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CFPB plans to reconsider aspects of mortgage data rule as new HMDA reporting begins

Thursday, January 4, 2018   (0 Comments)
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Ahead of the Christmas holiday, the Consumer Financial Protection Bureau (CFPB) issued a public statement 1 on Dec. 21 announcing that it intends to open a rulemaking to reconsider various aspects of the CFPB’s 2015 HMDA rule, such as the institutional and transactional coverage tests and the rule’s discretionary data points.


CFPB Acting Director Mulvaney hosting reporters at the CFPB office on Dec. 4, 2017. Source: Twitter @CFPBDirector

More specifically, the rulemaking may: (1) re-examine lending-activity criteria that determine whether institutions are required to report mortgage data; (2) look at adjusting the new requirements to report certain types of transactions; and (3) re-assess the additional information that the rule requires beyond the new data points specified under the Dodd-Frank Act.

In response to this news, CUNA President/CEO Jim Nussle noted, “this is a significant win for credit unions, as CUNA has urged the Bureau for years for relief from HMDA requirements that place a heavy burden on credit unions.” 2

The Carolinas Credit Union League in support of CUNA’s Campaign for Common-Sense Regulation has continued to advocate for this kind of regulatory relief for its member credit unions, most recently, sharing its views on the CFPB's proposed temporary threshold increase for reporting open-end lines of credit. 3 The League has also been diligent over the past year to incorporate HMDA training at various events and conferences for credit unions in both states.

“Revisiting this rule is great news for our credit unions,” said Trichina Pierce, compliance manager/associate counsel for the Carolinas Credit Union League. “The initial rule imposed significant costs that go beyond infrastructure, but into training, systems and additional staffing. Furthermore, preparing for NCUA examinations under this new rule creates great anxiety as the purpose of reporting additional data under HMDA isn’t clear. This creates an unnecessary adversarial situation between credit unions and examiners that hopefully can be remedied during this second review of the rule.”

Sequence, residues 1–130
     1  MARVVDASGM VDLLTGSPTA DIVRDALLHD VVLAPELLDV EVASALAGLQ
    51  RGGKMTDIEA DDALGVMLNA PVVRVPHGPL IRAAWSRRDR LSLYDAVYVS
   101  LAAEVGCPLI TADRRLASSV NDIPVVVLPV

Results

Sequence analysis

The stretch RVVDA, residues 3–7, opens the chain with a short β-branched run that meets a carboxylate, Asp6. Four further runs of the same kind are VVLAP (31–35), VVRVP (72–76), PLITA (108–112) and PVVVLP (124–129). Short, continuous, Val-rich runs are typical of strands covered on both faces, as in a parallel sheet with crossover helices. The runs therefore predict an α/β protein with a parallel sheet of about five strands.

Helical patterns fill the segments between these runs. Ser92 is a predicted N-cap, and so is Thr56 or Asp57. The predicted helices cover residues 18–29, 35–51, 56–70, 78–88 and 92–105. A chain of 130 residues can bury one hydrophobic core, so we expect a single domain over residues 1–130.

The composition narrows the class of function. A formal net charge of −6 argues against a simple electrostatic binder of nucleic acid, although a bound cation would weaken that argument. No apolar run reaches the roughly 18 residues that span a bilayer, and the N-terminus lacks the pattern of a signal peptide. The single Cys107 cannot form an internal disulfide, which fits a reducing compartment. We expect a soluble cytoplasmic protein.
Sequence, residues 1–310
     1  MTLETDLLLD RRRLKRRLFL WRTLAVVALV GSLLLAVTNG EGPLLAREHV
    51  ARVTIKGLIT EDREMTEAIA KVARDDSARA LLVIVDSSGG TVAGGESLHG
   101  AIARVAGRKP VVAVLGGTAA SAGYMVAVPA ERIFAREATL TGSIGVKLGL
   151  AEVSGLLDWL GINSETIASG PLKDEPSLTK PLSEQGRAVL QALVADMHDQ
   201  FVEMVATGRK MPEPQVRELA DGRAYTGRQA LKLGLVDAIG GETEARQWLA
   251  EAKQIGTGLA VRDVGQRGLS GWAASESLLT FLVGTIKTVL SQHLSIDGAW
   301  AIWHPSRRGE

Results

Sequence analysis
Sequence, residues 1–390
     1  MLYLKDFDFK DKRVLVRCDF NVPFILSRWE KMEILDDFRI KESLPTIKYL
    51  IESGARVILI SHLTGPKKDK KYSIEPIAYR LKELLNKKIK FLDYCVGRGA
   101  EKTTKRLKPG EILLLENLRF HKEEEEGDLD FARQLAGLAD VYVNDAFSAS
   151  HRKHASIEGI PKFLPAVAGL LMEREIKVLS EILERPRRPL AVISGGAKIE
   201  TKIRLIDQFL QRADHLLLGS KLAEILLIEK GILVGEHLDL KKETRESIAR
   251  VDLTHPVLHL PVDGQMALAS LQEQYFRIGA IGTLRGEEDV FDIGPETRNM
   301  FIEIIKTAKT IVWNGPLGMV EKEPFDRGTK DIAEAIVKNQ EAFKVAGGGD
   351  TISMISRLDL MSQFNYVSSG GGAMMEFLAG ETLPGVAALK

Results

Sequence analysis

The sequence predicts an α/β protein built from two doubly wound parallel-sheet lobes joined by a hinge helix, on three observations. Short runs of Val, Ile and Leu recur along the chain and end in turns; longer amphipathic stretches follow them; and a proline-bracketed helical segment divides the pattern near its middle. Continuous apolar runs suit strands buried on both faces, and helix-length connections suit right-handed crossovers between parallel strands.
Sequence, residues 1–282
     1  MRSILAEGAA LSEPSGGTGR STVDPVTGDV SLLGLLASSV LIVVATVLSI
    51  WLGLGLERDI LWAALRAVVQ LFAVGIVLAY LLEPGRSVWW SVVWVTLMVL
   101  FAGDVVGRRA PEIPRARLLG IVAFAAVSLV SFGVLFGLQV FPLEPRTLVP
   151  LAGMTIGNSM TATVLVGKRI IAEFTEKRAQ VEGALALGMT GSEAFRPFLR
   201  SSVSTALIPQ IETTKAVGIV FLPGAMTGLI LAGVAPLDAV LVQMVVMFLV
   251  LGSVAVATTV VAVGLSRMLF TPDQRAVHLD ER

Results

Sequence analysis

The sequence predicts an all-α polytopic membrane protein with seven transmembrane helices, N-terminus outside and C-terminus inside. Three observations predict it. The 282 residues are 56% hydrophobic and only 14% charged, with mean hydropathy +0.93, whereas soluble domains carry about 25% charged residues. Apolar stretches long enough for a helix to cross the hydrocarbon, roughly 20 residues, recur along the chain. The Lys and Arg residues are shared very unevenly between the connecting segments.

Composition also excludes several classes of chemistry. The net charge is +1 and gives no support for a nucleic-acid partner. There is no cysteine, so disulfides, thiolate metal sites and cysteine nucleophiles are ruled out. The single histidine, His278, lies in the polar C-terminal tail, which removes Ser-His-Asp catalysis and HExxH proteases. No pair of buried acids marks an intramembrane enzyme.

In its statement, the CFPB also announced it does not intend to require data resubmission unless data errors are material or assess penalties with respect to errors for data collected in 2018 and reported in 2019 under the Home Mortgage Disclosure Act (HMDA). The CFPB recognizes the significant systems and operational challenges needed to meet the impending requirements under the rule, and expects that any supervisory examinations of 2018 HMDA data will be diagnostic, to help institutions identify compliance weaknesses, and will credit good-faith compliance efforts.

As of January 1, 2018, financial institutions now have to submit HMDA data collected in 2017 in accordance with current Regulation C and using the Bureau’s new online platform. The online platform will be used to upload financial institutions’ loan and application registers, review edits, certify the data, and submit the data for the filing year.

 

About HMDA

HMDA, which was originally enacted in 1975, requires many lenders to report information with respect to applications they receive for certain types of mortgage loans and certain loans that they purchase. The Dodd-Frank Wall Street Reform and Consumer Protection Act directed the Bureau to expand the data collected and reported under HMDA to include additional information regarding, for example, mortgage loan underwriting and pricing, and authorized the Bureau to require other data. To that end, the Bureau issued a rule in 2015 that requires financial institutions to collect and report additional mortgage information beginning on January 1, 2018.  In August 2017, the Bureau issued a final rule making technical corrections, clarifying certain reporting requirements, and increasing the threshold for collecting and reporting data on home equity lines of credit for two years. 

 

Sources

1 CFPB, “Statement with respect to HMDA implementation,” December 21, 2017.

2 CUNA, “CUNA advocacy leads to HMDA reporting relief from CFPB,” December 21, 2017

3 CCUL Comment Letters, "CCUL on HMDA Temporary Threshold Increase," July, 31, 2017


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